Snyder is nowhere near the caliber of writer that Morrison is when it comes to exploring niche exotic, weird and offbeat material, but he managed to really surprise me with this story by including key elements of his NEW 52 Batman personality, and tapping into the larger mythical/magical framework of stories human beings tell for generations.

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There is a good dose of archetypes and a scale to this mini-crossover that felt not too big, not too small…. but just right. Dark Nights Metal is a terrific read. It’s not everyone’s cup of tea for sure but I encourage you to to check it out.

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THE TRIUMVIRATE KNIGHT

After the original Dark Knight Returns – a seminal stand alone defining work – nobody could have expected, predicted (nor wanted) a sequel.

So, years later Miller wrote The Dark Knight Strikes Again (aka DK2) as a sequel – and it was not terribly welcome. There was as sense of “the first one was classic, don’t fuck with it Frank” coming from many fans, the same way classic stand alone movies are revered, and sometimes genuinely shit on when remade, rebooted or re-interpreted by a studio looking to make a quick buck.

I first read Dark Knight 2 from my local public library in the collected edition. The art was a real turn off, but I enjoyed the story. On subsequent readings, I’ve come to enjoy the skewed art that is more…. mmm…. expressionistic and emotional (moving away from realistic anatomical drawings).

I certainly can see why there were so many complaints about the art. Some of it still bugs me to this day, but it’s definitely Art. The scratchy look really reminds me of early Romita Jnr stories, the kind that suit a grim crime ridden environment. While I enjoy the color palette used, the actual digital coloring itself is a bit of any eyesore, coming across as more experimental than refined.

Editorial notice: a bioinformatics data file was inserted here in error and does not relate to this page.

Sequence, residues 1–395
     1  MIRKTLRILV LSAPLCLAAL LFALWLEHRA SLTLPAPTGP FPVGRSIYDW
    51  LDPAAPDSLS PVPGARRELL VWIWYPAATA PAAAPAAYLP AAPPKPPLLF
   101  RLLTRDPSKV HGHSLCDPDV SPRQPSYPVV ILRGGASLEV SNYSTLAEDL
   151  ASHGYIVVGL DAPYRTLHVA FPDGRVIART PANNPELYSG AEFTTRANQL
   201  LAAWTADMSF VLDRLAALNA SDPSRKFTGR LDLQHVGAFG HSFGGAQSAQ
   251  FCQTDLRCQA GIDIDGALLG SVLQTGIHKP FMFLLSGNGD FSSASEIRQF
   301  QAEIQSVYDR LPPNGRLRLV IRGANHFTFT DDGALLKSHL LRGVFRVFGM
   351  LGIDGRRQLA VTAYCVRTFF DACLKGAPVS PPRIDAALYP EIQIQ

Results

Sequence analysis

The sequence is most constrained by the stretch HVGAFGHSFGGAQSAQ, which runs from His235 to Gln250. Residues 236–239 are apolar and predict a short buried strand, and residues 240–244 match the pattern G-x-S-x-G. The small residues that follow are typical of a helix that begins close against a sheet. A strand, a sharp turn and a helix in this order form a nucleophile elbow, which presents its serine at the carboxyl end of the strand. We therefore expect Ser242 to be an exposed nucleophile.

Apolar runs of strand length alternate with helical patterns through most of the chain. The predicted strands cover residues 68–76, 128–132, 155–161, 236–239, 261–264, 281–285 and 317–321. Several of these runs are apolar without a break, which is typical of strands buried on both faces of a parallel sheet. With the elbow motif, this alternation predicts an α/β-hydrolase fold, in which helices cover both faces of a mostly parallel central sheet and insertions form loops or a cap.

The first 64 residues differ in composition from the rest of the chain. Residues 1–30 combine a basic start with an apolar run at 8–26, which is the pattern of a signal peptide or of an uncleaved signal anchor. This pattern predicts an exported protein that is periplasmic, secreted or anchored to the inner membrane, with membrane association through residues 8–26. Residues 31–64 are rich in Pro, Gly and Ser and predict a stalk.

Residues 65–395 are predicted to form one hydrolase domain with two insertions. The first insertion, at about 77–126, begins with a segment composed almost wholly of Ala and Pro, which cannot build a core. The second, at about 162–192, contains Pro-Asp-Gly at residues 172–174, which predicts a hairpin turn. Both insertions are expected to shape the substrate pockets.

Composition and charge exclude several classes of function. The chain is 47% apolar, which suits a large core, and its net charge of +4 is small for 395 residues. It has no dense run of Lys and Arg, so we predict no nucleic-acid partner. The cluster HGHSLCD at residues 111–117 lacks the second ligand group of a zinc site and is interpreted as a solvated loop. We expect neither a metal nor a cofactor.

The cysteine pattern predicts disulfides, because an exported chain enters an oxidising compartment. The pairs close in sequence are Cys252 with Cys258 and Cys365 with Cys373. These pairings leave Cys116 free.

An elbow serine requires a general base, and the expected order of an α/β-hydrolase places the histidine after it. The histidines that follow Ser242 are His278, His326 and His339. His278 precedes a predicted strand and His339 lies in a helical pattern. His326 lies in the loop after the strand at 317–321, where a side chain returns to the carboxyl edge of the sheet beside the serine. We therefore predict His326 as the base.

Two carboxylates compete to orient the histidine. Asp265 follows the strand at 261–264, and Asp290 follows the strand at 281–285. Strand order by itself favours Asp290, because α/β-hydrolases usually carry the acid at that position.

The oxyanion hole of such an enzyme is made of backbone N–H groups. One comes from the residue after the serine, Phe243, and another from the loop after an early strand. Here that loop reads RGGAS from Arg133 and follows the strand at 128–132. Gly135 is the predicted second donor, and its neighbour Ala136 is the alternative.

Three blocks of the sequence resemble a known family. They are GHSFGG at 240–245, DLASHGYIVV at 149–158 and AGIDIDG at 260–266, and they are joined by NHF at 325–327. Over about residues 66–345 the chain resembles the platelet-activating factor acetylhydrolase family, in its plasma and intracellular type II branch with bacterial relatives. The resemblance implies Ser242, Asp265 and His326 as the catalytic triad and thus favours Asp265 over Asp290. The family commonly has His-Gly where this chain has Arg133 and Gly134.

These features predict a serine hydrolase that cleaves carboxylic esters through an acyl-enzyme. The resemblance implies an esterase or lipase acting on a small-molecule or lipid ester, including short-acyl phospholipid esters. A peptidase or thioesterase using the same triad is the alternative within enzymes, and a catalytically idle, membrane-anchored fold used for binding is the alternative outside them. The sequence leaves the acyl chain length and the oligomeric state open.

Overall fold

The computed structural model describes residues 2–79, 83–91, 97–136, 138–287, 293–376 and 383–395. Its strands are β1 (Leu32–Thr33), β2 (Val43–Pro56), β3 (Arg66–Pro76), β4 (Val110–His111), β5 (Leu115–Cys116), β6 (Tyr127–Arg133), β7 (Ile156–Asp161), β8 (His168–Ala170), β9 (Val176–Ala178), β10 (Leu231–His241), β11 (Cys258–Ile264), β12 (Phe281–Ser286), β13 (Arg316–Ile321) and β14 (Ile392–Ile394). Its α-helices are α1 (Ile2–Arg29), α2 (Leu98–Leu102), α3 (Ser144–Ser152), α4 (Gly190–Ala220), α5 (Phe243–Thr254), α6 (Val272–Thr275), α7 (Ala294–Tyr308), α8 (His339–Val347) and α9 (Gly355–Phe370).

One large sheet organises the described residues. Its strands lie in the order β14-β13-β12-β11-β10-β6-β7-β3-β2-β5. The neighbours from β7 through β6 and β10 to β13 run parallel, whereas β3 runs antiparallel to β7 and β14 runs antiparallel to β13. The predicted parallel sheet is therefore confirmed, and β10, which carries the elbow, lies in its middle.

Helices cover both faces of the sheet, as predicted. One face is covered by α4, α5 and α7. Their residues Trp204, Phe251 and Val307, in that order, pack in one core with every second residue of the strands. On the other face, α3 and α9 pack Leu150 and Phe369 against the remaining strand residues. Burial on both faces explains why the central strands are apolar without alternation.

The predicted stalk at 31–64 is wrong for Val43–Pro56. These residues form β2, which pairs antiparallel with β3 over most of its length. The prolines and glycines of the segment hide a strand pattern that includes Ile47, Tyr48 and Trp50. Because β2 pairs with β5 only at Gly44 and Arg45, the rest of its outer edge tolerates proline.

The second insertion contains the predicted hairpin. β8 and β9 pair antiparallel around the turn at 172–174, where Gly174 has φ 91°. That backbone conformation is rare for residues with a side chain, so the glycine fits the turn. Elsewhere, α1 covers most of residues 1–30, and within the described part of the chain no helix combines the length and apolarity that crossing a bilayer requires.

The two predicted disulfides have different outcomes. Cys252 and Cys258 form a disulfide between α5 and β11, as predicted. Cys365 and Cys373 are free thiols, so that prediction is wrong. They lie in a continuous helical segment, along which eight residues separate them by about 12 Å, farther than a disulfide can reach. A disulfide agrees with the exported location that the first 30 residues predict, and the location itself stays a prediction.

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DK2 didn’t try to just repeat the first book or story, but did something new. And really that’s what I want out of any comic book story. The art style is clearly closer to Miller’s 300 book,  Lynn Varley also colored those books. Can you see Wonder Woman’s nose in that picture? Did you even notice?

Art (good or bad) should get a reaction out of you, and I do find many of the comments hilarious that just assume EVERYTHING in DK2 is “bad art”. It’s pretty ignorant to assume that anything not anatomically accurate or super shiny and Avengers style pretty is “bad”. Or that doing something more fast and loose is bad rather than a stylistic choice. It’s not even a new style for Frank, as he has done these freakish looking pin ups for decades that have appeared often in other people’s books. His Savage Dragon pin up is an eye sore to me, but it’s one of Larsen’s favorite Dragon pin ups.

Personally I found Dark Knight Strikes Again an interesting read and more enjoyable the second or third time through when you get what Frank was going for. And I still re-read it regularly. I picked it up again just now to flip through while writing, and will probably read it again this weekend.

With Dark Knight Returns III: The Master Race, we got a more conventional commercial story – usually the death of creativity. But when that commercial story is a collaboration of Miller and Azzarello – well that’s still one damn good read, even if it lacks deeper meaning and more overt political commentary like the original Dark Knight Returns. I did enjoy seeing more classical comic art in DK3 rather than the hyper stylized Pollock splashery of DK2.

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It’s pointless trying to outdo the original DKR – it’s a masterpiece of sorts, but instead we get another story set in that universe that is less controversial and more… for lack of a better word – palatable. That should be a criticism, but it’s not. It’s a fun read if you like Batman, or even just the wider DCU.

How much Miller wrote DK3 is debatable, as his co-creators (check out the credits below) and more “hands on” style of DC Comics suggests that it was a more commercial effort with a more restrained Miller.

The art by Andy Kubert is lovely, but you get the impression with another artist (and another well known writer) involved, did Miller ghost write this one? Did he pass them some details scribbled on a cocktail napkin and DC said “Hell yeah, we like money, but we’re in control on this one Frank, fans don’t like when you draw outside the lines with squiggles and stuff”

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*spoiler alert* The Butler Did it

Whatever the reality of the situation, I enjoyed the final product.

But Frankly speaking…….I’d rather read a more wild, chaotic and excessive Miller story any day than a subdued one. I don’t care if it’s downright bonkers, as it’s his freedom to express what he wants to express. I’m sorry if you don’t like his stories or whatever…….(yeah I’m not) – but artists have to actually genuinely express themselves to make something interesting. Anything else is just vanilla monthlies.

I love monthlies too, there is a time and a place for restraint and “by the numbers” story telling (such as regular monthly books) and there is a time and place for more experimental material, such as in one shots, Elseworlds stories and creator driven mini-series.